Issue 9 touched on how resourceful we can be with nature’s garden gifts, introducing edible flowers into our baking with the help of the lovely and innovative Miche Baker.
- 2 cups sugar
- 1 cup water
- 2 tablespoons to 1 cup fresh or dried flowers
- 1/4 cup water
- 1/2 cup sugar, divided
- 3 egg whites
- tablespoon flower simple syrup
- 1/4 to 1/2 cup flowers (optional)
- 1 cup (2 sticks) unsalted butter, room temperature, cut in 1-tablespoon pieces
As well as being extremely tasty, these floral additions also add a stunning point of interest – making a great conversation starter for a event, function or get together! Why not impress your friends and bring a beautiful cake today?
Have a read of these recipes, to make the perfect floral syrups and buttercream frosting for your cake! Just remember to save yourself a slice…
Flower Simple Syrup (Makes 2 cups)
Colourful flower-infused simple syrups have oh so many uses. Strong and sweet, they are best used as bases in other recipes, such as sorbets or drink mixes.
Dissolve sugar in water over medium heat, stirring occasionally, until it reaches a simmer. Place flowers in a non-reactive bowl (by that I mean glass, enamel or stainless steel). Pour hot syrup over top and let stand for at least 30 minutes. Strain the mixture and discard the flowers. Floral simple syrup can be stored in the fridge for 1 or 2 months. If it begins to crystallize, simply heat it again until smooth.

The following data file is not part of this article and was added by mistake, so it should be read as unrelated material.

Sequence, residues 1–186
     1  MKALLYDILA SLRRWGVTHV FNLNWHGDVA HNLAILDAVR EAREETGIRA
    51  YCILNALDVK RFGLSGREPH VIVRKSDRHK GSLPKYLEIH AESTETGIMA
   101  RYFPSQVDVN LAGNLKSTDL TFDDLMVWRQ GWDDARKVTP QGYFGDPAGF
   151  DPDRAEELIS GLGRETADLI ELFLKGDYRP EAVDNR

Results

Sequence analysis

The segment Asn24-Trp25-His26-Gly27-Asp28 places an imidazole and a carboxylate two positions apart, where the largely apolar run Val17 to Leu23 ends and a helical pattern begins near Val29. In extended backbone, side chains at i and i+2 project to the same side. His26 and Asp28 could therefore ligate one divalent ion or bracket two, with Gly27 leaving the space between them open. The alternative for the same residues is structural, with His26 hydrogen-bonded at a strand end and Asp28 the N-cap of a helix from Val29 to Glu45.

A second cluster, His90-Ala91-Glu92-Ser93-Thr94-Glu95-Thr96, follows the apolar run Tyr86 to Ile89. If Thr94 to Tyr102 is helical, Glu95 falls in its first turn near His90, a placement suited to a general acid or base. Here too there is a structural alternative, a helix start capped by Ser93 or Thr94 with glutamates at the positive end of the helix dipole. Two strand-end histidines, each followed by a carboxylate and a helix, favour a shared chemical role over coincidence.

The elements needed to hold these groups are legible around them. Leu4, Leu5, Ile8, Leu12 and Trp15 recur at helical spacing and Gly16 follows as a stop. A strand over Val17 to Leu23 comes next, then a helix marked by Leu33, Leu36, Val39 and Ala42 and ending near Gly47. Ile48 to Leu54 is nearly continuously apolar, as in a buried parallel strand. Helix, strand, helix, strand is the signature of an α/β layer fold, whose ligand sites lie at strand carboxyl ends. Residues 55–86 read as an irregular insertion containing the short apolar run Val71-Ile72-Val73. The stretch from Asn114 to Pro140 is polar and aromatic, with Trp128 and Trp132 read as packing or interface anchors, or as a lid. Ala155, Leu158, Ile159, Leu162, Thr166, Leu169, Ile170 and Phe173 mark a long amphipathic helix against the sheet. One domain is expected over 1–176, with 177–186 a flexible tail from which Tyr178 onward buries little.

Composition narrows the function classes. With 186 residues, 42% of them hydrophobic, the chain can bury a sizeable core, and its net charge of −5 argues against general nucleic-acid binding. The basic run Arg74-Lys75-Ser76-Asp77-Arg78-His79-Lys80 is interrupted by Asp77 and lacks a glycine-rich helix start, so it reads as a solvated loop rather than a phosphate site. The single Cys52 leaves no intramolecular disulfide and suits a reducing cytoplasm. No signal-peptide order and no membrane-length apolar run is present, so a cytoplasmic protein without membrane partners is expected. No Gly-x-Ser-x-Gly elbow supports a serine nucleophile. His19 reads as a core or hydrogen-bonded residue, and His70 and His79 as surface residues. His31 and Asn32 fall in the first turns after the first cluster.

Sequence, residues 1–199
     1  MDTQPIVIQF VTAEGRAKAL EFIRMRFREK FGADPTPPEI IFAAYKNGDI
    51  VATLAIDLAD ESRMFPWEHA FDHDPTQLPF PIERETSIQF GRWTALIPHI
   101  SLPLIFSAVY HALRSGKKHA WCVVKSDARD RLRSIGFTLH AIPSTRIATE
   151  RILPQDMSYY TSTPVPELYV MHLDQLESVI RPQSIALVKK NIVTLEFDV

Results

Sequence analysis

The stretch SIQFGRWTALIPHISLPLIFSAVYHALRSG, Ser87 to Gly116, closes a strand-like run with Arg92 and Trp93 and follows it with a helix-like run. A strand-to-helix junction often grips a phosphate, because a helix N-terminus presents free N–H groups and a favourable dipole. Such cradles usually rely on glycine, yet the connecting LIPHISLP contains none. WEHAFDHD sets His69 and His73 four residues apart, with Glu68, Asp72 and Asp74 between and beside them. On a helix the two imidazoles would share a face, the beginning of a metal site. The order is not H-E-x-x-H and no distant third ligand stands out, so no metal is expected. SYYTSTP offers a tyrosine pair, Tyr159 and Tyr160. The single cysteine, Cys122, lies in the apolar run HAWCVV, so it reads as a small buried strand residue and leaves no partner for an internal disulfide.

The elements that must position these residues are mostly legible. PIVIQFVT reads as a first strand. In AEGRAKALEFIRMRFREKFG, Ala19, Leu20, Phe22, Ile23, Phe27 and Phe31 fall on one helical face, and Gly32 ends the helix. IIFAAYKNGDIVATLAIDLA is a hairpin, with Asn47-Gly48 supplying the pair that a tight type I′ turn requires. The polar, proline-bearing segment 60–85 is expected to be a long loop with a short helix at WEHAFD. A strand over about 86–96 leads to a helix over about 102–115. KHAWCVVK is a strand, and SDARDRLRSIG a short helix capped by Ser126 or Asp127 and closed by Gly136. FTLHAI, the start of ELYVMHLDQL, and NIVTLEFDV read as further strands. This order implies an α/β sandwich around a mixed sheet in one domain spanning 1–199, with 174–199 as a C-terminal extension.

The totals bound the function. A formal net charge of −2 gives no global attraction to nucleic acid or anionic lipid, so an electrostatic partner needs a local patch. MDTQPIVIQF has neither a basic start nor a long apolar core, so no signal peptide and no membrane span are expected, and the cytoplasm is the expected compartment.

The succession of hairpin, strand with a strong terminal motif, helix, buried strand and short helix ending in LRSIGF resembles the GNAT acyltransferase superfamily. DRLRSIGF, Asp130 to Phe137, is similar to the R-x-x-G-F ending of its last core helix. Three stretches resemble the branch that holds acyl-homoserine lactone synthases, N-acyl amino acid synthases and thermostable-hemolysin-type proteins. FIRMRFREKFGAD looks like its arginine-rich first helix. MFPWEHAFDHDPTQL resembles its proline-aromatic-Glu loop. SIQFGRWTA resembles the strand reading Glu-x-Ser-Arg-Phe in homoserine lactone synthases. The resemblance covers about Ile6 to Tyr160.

Elderflower Simply Syrup
Use 1/2 cup elderflowers (6 or 7 flowers) and add the juice and zest of half a lemon along with them.
Lavender Simple Syrup
Use only 2 tablespoons lavender buds.
Rose Simple Syrup
Use 1 cup rose petals.
Flower Buttercream Frostings (Makes 2 cups)
At Mali B, the only buttercream we ever use is a variation on a Swiss meringue buttercream. It is smooth, creamy and light. With a little simple flower syrup and a few fresh blossoms, you can transform this buttercream into a floral beauty.
Bring water and 1/4 cup of the sugar to a boil in a small saucepan. Boil until the temperature reaches 240 OF on a candy thermometer; meanwhile, put egg whites in a bowl.
When the temperature reaches 240 OF, beaut whites with a mixer fitted with the whisk attachment on high speed for 1 minute, until the whites start to get foamy. Gradually beat in the remaining 1/4 cup sugar.
Reduce the mixer speed to low and slowly and carefully pour in the boiling sugar syrup. Beat on high speed for 8 to 10 minutes, or until the bottom of mixer bowl is room temperature again. Return mixer speed to low and add flower simple syrup.
Beat in butter a few pieces at a time. Beat the frosting on high speed for about 30 seconds, until butter is fully incorporated. Use immediately or refrigerate in an airtight container for up to 1 week.